likes to say? “Only in New York, kids, only in New York.”


Read the whole thing.

Watch “The Mike Bloomberg Legacy: 12 Years of Little Tyrannies
in 2 Minutes”:

from Hit & Run http://reason.com/blog/2014/01/03/mayor-caligula-your-horse-is-on-line-one
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“Mayor Caligula, Your Horse is on Line One”: Welcome to Bill De Blasio’s NYC

I’ve got
a new column
up at The Daily Beast. It’s about the policy
agenda of newly sworn-in Mayor Bill de Blasio of New York, whose
first agenda item is to…shut down Central Park horse-carriage
rides.

Here’s the start of the col:

If historians debate whether Caligula’s apocryphal attempt to
make his horse a consul of Rome signified serious mental
illness or was just the emperor’s idea of a joke, contemporary New
Yorkers should have no doubt that their new mayor, Bill de Blasio,
is nuttier than a squirrel’s turd.

Upon taking office, de Blasio has made it his
absolute highest priority “to quickly and aggressively move to make
horse carriages no longer a part of the landscape in New York
City.” Seemingly paraphrasing Richard Crenna’s Col. Trautman in the
first Rambo movie, he flatly told a pre-inauguration press
conference, “It’s over.” A hundred-plus years of tradition and a
hundred-plus jobs (for humans) gone, just like that, because de
Blasio believes that horse-drawn carriages “are not humane.” In
their place will be “electric, vintage-replica
tourist-friendly vehicles that provide jobs for current
drivers.”

And New Yorkers thought that the days of bizarre, Mad King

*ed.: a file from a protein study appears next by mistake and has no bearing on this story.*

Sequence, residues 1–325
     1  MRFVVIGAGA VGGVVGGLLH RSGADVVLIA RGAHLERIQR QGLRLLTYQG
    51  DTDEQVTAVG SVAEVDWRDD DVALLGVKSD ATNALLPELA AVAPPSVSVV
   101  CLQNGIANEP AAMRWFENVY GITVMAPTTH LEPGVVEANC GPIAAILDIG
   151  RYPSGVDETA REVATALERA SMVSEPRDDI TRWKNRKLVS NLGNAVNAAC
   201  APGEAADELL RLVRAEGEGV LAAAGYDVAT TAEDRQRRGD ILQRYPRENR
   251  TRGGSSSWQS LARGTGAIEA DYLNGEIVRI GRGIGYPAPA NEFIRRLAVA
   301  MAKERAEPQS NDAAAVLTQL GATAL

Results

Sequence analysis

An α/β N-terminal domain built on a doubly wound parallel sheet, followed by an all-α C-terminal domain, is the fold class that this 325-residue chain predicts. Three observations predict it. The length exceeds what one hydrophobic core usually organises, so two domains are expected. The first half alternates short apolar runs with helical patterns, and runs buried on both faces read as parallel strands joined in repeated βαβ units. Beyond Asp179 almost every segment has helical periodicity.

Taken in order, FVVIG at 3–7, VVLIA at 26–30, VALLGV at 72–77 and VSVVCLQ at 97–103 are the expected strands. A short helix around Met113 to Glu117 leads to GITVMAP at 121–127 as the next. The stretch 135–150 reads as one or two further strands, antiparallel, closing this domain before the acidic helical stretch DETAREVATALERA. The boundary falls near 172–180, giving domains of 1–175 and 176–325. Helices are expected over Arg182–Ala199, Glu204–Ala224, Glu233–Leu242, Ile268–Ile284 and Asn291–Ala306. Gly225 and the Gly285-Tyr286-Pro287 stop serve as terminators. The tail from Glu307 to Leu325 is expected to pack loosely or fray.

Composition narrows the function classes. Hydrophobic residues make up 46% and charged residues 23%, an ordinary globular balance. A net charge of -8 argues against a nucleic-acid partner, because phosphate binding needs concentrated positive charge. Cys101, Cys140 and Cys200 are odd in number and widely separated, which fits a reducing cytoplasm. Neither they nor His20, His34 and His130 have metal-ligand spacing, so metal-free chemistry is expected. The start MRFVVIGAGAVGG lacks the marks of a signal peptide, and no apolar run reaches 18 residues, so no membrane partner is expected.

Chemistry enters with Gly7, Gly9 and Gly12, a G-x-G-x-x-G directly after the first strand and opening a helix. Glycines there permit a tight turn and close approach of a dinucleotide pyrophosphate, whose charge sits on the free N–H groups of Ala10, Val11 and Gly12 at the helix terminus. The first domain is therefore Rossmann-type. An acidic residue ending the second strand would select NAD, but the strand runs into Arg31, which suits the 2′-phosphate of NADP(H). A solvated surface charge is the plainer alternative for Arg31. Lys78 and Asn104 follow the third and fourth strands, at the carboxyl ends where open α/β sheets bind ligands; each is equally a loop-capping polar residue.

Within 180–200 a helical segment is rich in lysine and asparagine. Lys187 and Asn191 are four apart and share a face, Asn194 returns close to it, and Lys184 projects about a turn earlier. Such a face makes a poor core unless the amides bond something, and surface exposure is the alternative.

Ludwig of Bavaria-style edicts had finally ended when three-term
Mayor Mike Bloomberg finally left City Hall. Among many other
things, Bloomberg even banned food donations to homeless
shelters because bureaucrats couldn’t verify the gifts’ salt
content. What is it that perpetually outdated columnist Cindy Adams
likes to say? “Only in New York, kids, only in New York.”


Read the whole thing.

Watch “The Mike Bloomberg Legacy: 12 Years of Little Tyrannies
in 2 Minutes”:

from Hit & Run http://reason.com/blog/2014/01/03/mayor-caligula-your-horse-is-on-line-one
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Repeat After Me, David Brooks: Repealing Prohibition Is Not the Same As Endorsing the Previously Prohibited Activity

Sometimes this is my favorite cover. |||New York Times columnist David Brooks has a

piece out
about pot in which he confesses that, “For a little
while in my teenage years, my friends and I smoked marijuana,” but
“then we all sort of moved away from it.” Not a particularly
unique
progression
, that; even if it does contradict generations’
worth of taxpayer-financed
propaganda
about the
dangers of even one puff
.

Brooks concludes his tour of youthful experimentation not by
knocking on wood that his life wasn’t needlessly truncated
by incarceration
, but by musing on where such activity should
fall on the encouragement/discouragement scale:  “I don’t have
any problem with somebody who gets high from time to time,” he
writes, “but I guess, on the whole, I think being stoned is not a
particularly uplifting form of pleasure and should be discouraged
more than encouraged.”

I wouldn’t have any problem with that, if people like Brooks
limited their discouragement to the marketplace of public debate.
Instead, they too often advocate using force to deter individuals
from making potentially suboptimal personal choices, and otherwise